Judge Dismisses Libel Suit Against Clark, The Wave
A Manhattan State Supreme Court Justice has dismissed a lawsuit brought by the Duane Reade Corporation against local Artist Patrick Clark and The Wave.
The giant pharmaceutical company filed suit when The Wave ran a paid advertisement denouncing a large billboard that was to be placed on its Rockaway Park Store, calling for a boycott of the store if the sign were not removed.
Clark had recently been chosen from a number of artists to build a glass cupola that would become the centerpiece of the new "Tribute Park" to be built on a triangle of land abutting the Duane Reade parking lot.
Clark believed that the 400-square-foot sign would overshadow the tribute to those who died at the World Trade Center on September 11, 2001.
In the ad, Clark labeled the sign as "an esthetic nightmare" and called for a boycott of the store.
Duane Reade sued Clark and The Wave, stating in its complaint that the ad contained "purposefully or reckless untrue assertions" and that the ad "damaged the store’s most valuable asset, that being it’s reputation as a good neighbor to the communities it serves."
The suit also claimed that The Wave ad caused "tortuous interference with ongoing and prospective business relations."
Supreme Court Justice Debra James disagreed.
She ruled that the company’s suit was "without basis in fact or law" and ordered Duane Reade to pay both Clark and The Wave all court costs and attorney fees. In addition, she ordered a separate hearing to ascertain what compensatory and punitive damages might be paid to Clark and The Wave.
James ruled that the suit falls under the purview of the Strategic Lawsuit Against Public Participation (SLAPP), passed by the state legislature to insure that developers and large corporations did not use law suits to silence public opposition to controversial projects.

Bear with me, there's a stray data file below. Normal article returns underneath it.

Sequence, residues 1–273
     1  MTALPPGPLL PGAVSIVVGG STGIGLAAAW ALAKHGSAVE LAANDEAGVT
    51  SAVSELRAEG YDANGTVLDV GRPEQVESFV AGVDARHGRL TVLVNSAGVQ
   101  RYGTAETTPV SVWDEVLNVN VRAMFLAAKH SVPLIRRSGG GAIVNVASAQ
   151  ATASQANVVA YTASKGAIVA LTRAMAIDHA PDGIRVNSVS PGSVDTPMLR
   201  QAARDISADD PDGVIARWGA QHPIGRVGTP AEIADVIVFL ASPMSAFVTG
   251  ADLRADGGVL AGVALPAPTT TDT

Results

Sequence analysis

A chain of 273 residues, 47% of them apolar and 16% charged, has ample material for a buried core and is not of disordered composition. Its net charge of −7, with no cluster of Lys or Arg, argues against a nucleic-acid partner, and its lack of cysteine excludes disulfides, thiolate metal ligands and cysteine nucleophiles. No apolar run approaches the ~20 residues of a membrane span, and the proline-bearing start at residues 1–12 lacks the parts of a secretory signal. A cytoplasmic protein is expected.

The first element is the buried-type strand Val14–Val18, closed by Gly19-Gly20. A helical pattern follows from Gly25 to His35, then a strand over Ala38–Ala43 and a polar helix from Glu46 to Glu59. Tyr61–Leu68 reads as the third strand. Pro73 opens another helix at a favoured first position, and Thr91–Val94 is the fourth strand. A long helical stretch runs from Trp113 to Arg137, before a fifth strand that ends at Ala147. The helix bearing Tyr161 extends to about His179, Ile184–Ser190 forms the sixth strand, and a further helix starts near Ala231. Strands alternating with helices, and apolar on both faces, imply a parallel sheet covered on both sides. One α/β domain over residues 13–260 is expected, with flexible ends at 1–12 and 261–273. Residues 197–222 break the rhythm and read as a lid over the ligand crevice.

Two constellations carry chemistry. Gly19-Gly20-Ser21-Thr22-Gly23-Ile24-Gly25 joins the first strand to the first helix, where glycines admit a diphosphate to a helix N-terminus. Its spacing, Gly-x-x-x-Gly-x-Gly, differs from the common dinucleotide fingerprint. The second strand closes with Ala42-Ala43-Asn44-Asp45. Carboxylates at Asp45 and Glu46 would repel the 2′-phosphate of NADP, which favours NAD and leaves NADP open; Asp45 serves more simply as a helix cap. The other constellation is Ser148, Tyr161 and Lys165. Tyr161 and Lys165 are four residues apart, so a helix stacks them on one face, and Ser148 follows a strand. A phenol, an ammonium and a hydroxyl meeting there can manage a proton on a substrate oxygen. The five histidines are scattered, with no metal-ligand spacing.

"The laws of the state must provide the utmost protection to the free exercise of speech, petition and association rights, particularly where such rights are exercised in a public forum with respect to issues of public concern," the SLAPP Suit statute reads.
In her decision, James wrote, "The court85finds it beyond peradventure that Duane Reade’s lawsuit is one materially related to efforts by Clark to oppose Duane Reade’s application for a permit. 85 No reasonable interpretation of the facts supports the conclusion that Clark’s advertisement did not constitute his effort to report on, comment on, challenge or oppose DOB’s issuance of a permit or Duane Reade’s application for permission to erect a sign."
Wave Managing Editor Howard Schwach said that the dismissal was a victory for the First Amendment.
"One of the main roles of a community newspaper is to provide a voice to those who otherwise would not have a place to speak out," Schwach said. "We fulfilled that role that the First Amendment provides to us by allowing Patrick Clark to speak out on the proposed Duane Reade sign. This is a victory for Clark and for free expression."
Christopher Dunn, a spokesperson for the American Civil Liberties Union, the organization that represented Clark, told New York Times reporter Robert Worth, "For us, this case was important because, ultimately, the First Amendment is about protecting the right of everyday people to criticize the powerful, and that was exactly what Patrick Clark was doing."
While officials at Duane Reade would not comment to The Wave, they told other reporters, "When the case is reviewed on appeal, the company’s position will be vindicated."